The Shun is also a stunner. The ergonomic D-shaped pakkawood handle feels comfortable to grip. Honed from proprietary VG-MAX "super steel," the Damascus-style blade is incredibly sharp, corrosion-resistant, and has wide rounded teeth that make for smooth slices, despite the lack of flexibility in the steel.

shun bread knife lying on countertop

The Spruce Eats / Vicky Wasik

Length: 9 inches | Material: VG Max Steel, pakkawood | Weight: 10.2 ounces

Bread Machine

Zojirushi Home Bakery Virtuoso Plus Breadmaker

Zojirushi Home Bakery Virtuoso Breadmaker


If you want the bread-making experience to be as hands-off as possible, a bread machine takes all the effort out—it mixes, kneads, proofs, and bakes. All you do is put the ingredients in and patiently wait two to three hours for a homemade loaf. And the types of bread you can craft in one of these machines is endless. 

In testing, we tried three basic bread recipes with the Zojirushi Virtuoso, even straying from the recipes, and they all came out with great aeration, a crisp crust, and the coveted dome look. We started adding different flours, changing the amount of butter, and even mixing the ingredients in the wrong order to see what might happen. Each time, the finished loaf emerged looking (and tasting) wonderful.

Further testing revealed the same results, with a loaf of banana bread showing great color, even doneness, and a moist crumb texture. We appreciated the ease of cleanup and reliable countdown timer. It’s worth the price, as it produced consistently tasty bread—even when we got creative with recipes.

tester pouring flour and other ingredients into Zojirushi Home Bakery Virtuoso Plus Breadmaker

The Spruce Eats / Will Dickey

Dimensions: 18 x 10.5 x 12.875 inches | Weight: 24 pounds | Loaf Size: 2 pounds | Power: 700 watts

The Extras 

Beyond the essential equipment, there are many nice-to-haves that make the road to successful bread much shorter. Measurement is key when it comes to the chemistry of baking, and though spoons and cups are great, a baking scale guarantees your measurements are flawless. In fact, if your bread doesn’t rise, it’s probably attributable to a measurement error. A flour sifter will ensure your flour is properly aerated and prevent inconsistency in measurement by removing large particles that contribute to dense or irregular results. Another good tool to have is a reliable proofing basket. Sure, you can drape a kitchen towel over a mixing bowl, but if those attractive spirals you see on bakery loaves are your endgame, a proofing basket goes a long way.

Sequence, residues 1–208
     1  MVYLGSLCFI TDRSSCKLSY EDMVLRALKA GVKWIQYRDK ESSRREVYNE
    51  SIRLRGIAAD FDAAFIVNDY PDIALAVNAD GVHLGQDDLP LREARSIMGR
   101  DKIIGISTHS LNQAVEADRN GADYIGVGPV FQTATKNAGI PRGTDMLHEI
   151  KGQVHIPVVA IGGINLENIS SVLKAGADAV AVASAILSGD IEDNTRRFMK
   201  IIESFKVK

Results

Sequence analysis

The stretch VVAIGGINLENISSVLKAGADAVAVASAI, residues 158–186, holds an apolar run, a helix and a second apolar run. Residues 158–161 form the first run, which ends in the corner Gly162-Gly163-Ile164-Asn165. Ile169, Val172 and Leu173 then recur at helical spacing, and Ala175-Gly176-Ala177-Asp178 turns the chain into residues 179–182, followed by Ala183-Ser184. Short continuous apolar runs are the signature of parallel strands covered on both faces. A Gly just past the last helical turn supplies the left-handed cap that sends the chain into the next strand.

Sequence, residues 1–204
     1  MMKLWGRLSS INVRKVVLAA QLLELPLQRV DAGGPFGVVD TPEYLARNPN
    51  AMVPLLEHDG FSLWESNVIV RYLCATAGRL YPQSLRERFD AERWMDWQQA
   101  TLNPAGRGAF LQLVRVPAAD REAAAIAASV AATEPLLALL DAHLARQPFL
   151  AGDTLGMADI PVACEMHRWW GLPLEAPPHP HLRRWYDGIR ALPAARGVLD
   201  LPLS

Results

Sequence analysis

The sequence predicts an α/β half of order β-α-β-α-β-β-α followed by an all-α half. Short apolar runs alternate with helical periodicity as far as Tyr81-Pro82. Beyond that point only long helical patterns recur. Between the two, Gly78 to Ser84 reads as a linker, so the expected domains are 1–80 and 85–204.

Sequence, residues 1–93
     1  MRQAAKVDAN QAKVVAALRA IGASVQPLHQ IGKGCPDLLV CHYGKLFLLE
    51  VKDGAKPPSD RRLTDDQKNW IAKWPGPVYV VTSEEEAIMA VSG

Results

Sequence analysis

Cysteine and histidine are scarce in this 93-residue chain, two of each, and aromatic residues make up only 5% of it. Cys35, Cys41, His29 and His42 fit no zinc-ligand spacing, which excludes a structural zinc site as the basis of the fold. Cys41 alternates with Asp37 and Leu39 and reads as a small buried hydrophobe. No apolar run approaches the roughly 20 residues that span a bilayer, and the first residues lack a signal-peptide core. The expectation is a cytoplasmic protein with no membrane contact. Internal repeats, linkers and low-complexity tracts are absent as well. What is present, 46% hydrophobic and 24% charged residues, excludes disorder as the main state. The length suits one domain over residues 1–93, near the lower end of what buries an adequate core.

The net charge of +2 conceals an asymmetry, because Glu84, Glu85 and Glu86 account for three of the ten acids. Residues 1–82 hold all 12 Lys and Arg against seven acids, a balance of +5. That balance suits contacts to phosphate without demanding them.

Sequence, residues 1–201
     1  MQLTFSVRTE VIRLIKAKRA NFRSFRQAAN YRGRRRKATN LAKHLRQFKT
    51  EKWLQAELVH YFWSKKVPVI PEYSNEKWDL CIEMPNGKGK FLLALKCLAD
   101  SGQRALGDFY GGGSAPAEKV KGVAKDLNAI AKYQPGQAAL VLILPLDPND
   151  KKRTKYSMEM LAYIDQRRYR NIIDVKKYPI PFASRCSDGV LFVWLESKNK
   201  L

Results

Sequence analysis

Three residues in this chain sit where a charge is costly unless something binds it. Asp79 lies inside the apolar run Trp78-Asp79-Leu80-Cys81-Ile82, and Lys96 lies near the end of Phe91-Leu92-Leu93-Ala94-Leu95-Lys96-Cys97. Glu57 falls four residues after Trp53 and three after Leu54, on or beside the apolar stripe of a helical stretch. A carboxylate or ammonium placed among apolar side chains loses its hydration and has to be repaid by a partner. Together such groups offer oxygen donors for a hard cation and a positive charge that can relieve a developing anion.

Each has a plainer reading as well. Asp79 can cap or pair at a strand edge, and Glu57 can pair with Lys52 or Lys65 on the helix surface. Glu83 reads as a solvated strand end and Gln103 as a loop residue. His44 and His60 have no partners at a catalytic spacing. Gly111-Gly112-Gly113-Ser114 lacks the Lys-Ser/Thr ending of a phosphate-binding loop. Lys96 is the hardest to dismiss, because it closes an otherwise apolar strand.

kitchen scale measuring oats

The Spruce Eats / Rachel Knecht

On top of those items, rolling pins, wooden spoons, and bread lames will aid in your breadmaking saga. Respectively, they’re used for flattening, turning, and scoring dough. Most bakers agree that once you try out a bread lame, you will never go back, because it creates refined results that rise properly every time. If you’re baking challah, a pastry brush is a must for that shiny golden glow. For times you opt for double or triple batches, a bench scraper comes in handy. Not only does it scrape dough cleanly from a bowl and get those tough-to-remove dough bits off work surfaces, but it’s also the right tool to cut and divide batches into smaller sections. 

rolling pin with designs stamped into dough

The Spruce Eats / Donna Currie

A good loaf pan and baking sheet are necessities, but there are other vessels that allow for more specialty bread preparations. Dutch ovens, such as the Marquette Castings 6-Quart (our favorite Dutch oven for making bread), have a metal knob that withstands high heat, a wide flat bottom for a crispy crust, and the perfect cavity for our no-knead loaf recipe. And if skillet cornbread like Grandma used to make has always been on your bread bucket list, a cast iron pan is a must.

tester dumping bread onto cooling rack from Marquette Castings No. 10.5 Skillet

The Spruce Eats / Russell Kilgore

Can you use a hand mixer to make bread?

No. They just don’t have the power to properly knead dough. Even if yours comes with a dough hook attachment, it will not gain the level of elasticity necessary for optimal baking. They are great for other kitchen tasks, like light cake batters or homemade whipped cream, but they just aren’t up to bread making.

Do you need a dough hook on your stand mixer to knead dough?

Yes. You can always use your hands to knead the dough, but the hook attachment is specifically made to help develop the gluten, adding elasticity to trap those air bubbles that lead to the perfect balance of crisp and chew. You might be tempted to use the popular paddle attachment, but its function is to mix wet and dry ingredients without aeration, trapping moisture that leads to fluffy cakes and creamy buttercream frosting.

tester setting down knife next to sliced baguette

The Spruce Eats / Will Dickey

How do you store homemade bread? 

Homemade bread, though delicious, doesn’t have a long shelf life. To give it maximum span, store your precious loaf in a bread box. They prevent degradation caused by swings in temperature, and keeping it at room temperature prevents it from hardening. Don’t be tempted to throw it in the refrigerator as it causes flavor loss and a stale texture. 

Another option is freezing your bread. For up to three weeks, cooled loaves can last wrapped in food film, foil, or freezer paper. Past that, wrap tightly in food film, then wrap again in foil or freezer paper—it should be good for approximately six months.

Is it cheaper to make homemade bread than it is to buy it at the store?

The satisfaction you get from pulling a loaf of homemade bread out of the oven is only rivaled by the cost savings. We looked at the cost of baking bread versus buying bread and found the bill for making that loaf was roughly $1.58 without labor compared to $2.50 for the least expensive loaf at the grocery store, though they can, as you may know, be priced much higher than that.

bread loaves from bread machines test being sliced with serrated knife

The Spruce Eats / Tamara Staples

Why Trust The Spruce Eats?

Carrie Honaker is a food writer who loves a crusty loaf of bread. As a restaurateur and avid home cook, she has baked thousands of loaves of bread and knows the importance of storing it in the proper container to ensure freshness. Her work has appeared in many publications including Bon Appetit, Allrecipes, and Wine Enthusiast.